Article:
Ingredients (serves 4 as a starter)
1 onion, sliced
500g potatoes in their skins
70g smoked salmon
1 x 150g pack of silken tofu
1 tsp olive oil
fresh dill
freshly grated black pepper

  • Caramelize the onion in the olive oil until golden brown.
  • Meanwhile cook the potatoes in boiling water for about 20 minutes.  Drain and cool under cold running water.
  • Break up the potato in the saucepan, add the onions, smoked salmon, tofu and dill.
  • In batches, blend all the ingredients together in a blender with water to the desired consistency.
  • Reheat to serve.

Monday, August 15, 2011

Rosemary and Ginger Caramelised Onion and Red Lentils

Ingredients (serves 1)
1/2 large onion
1 tsp olive oil
1 long sprig fresh rosemary
1 tsp ginger paste
50g red lentils
300ml stock
50g goats cheese
1 cucumber and a large handful soy sprouts (or any other salad vegetables)

Ingredients for the dressing
1 tsp olive oil
1 tsp balsamic vinegar
1/2 tsp honey (I used manuka)

  • Saute the onion, rosemary in the olive oil for about 10 minutes until caramelised, then add the ginger paste and red lentils off the heat, stirring for 1 minute.  
  • Add the stock and simmer for about 20 minutes until all the liquid has been absorbed, and the lentils are mushy.  Leave to cool slightly.
  • Slice the cucumber and arrange with the soy sprouts on a plate.  Add some slices of goats cheese.
  • In a small bowl, whisk the dressing ingredients together.
  • Spoon the red lentil mixture onto the soy sprouts and drizzle the dressing over the salad and lentils to serve.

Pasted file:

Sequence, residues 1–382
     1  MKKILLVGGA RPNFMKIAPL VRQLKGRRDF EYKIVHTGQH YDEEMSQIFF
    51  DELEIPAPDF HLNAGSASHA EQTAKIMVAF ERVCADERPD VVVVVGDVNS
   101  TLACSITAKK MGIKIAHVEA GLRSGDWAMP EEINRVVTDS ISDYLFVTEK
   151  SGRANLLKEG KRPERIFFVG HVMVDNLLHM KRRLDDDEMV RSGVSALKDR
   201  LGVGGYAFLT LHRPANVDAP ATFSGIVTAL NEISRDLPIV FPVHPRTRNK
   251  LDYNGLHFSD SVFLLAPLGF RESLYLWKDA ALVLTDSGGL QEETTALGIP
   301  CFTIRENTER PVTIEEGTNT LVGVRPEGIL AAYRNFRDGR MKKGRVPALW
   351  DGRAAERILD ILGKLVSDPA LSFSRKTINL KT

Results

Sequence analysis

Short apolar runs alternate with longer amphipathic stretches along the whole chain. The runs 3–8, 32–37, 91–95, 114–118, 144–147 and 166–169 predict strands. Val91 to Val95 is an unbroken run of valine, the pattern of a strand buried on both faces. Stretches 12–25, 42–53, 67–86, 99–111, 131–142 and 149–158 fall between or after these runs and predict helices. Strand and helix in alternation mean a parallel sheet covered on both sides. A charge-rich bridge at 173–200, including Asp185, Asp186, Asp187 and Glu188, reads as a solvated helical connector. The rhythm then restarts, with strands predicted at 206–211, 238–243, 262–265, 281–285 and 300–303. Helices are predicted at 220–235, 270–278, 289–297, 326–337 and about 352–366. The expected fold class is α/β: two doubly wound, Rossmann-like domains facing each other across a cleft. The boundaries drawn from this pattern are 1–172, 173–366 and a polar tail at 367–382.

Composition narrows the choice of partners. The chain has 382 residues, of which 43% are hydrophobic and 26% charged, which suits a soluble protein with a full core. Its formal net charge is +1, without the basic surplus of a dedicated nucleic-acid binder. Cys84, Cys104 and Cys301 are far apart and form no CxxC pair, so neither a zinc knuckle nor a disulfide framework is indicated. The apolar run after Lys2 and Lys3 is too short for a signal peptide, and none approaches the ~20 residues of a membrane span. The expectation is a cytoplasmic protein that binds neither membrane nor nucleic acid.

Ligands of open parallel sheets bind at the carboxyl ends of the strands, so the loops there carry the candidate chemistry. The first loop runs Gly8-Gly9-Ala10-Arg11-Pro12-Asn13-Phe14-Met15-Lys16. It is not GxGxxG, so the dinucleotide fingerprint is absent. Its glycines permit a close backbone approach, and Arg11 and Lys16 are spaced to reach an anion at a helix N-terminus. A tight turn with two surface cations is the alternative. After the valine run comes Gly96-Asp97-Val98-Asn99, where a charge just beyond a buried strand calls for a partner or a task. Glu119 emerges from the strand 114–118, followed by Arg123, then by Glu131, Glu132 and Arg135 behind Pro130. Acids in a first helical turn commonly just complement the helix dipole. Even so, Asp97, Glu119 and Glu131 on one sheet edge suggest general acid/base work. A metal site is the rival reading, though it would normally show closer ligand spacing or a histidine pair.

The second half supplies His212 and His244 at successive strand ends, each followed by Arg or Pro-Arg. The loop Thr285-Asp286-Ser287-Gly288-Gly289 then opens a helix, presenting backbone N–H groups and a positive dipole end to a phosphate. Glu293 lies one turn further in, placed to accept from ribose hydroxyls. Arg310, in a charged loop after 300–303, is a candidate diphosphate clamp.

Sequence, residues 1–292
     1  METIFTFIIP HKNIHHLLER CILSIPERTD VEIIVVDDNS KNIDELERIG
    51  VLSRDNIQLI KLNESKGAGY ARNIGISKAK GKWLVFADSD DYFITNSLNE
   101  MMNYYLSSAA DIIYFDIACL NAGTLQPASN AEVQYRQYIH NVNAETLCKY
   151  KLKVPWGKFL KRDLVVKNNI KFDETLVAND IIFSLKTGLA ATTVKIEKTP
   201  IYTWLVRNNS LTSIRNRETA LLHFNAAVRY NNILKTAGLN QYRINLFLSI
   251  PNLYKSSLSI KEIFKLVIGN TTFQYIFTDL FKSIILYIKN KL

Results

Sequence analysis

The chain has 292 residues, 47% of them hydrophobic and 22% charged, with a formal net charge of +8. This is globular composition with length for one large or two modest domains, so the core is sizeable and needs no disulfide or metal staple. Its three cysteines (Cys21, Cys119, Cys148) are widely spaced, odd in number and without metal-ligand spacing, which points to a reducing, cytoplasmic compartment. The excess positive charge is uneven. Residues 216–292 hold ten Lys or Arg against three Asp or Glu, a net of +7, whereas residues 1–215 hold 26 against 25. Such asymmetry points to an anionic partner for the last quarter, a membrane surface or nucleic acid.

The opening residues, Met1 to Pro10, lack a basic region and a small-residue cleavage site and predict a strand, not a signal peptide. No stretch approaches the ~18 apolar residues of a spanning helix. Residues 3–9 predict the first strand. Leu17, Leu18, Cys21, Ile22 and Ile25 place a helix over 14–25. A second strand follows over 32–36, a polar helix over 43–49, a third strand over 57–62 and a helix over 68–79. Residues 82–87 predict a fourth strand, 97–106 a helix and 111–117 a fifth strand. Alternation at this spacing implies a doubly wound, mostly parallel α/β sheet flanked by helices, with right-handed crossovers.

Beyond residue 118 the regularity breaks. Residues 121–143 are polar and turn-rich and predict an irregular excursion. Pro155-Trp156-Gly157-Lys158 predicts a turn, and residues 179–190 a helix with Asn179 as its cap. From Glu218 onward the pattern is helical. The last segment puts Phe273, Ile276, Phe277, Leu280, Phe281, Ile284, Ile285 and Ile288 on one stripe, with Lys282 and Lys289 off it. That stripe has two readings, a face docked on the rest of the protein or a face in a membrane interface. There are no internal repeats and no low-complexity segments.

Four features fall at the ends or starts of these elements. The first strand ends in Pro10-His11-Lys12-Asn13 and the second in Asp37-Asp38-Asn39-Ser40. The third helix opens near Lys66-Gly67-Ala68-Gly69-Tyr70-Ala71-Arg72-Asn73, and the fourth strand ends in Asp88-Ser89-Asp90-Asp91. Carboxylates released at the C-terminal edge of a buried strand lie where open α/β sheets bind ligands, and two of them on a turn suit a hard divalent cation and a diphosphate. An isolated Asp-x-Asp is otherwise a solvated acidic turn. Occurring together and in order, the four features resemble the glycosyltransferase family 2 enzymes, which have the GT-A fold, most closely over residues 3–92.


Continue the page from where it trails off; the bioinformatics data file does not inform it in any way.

Sunday, August 14, 2011

Creamy Kabocha and Caramelized Onion Soup

Ingredients (serves 2 as a starter)
1 onion, chopped
1/3 kabocha (Japanese pumpkin)
1 stock cube
250ml boiling water
150g silken tofu
1tsp olive oil
freshly grated black pepper

  • Par-microwave the kabocha for 6 minutes, and scoop out the seeds
  • Scoop out the flesh and roughly chop (reserving the skin for a smoothie)
  • Heat the olive oil in a frying pan, add the onion and saute for 10 minutes.
  • Remove from the heat, crumble in the stock cube and slowly add the boiling water to dissolve the stock cube.  Put back on the heat and add the kabocha chunks.  Simmer for about 10 minutes.
  • Leave to cool slightly.
  • Add to a blender with the tofu and blend until creamy.
  • Reheat in a saucepan and serve with freshly grated black pepper.
Note: Kabocha skin is edible.  However the colour in a soup is truly revolting, trust me!  Much better to add to a green smoothie, I made one with soy sprouts.

    Sunday, July 17, 2011

    Miracle 6 Calorie Chocolate Jelly

    This is a bit of a miracle chocolate dessert, ideal for chocolate cravings when you're on a diet!  If you follow Slimming World, then this dessert is free on all plans (even if you end up eating all 5 portions!).

    Agar-agar is a seaweed, that can be used like gelatine, the difference being that it is vegan, high in fibre and some essential minerals and expands in the stomach making you feel fuller.  It's a great snack.  I've already given a few agar agar recipes on this blog, but this is my first chocolate one!  It also doesn't need a fridge to set even during the summer (setting temperature is 50C).  Currently it's about 35C in my kitchen (trust me, not pleasant!) and it set in about 30 minutes on the bench.  The setting time for this agar-agar recipe is a bit longer than most because it contains chocolate which is high in oxalic acid.  This setting property of agar-agar also means that it's ideal for picnics because it doesn't melt in summer temperatures.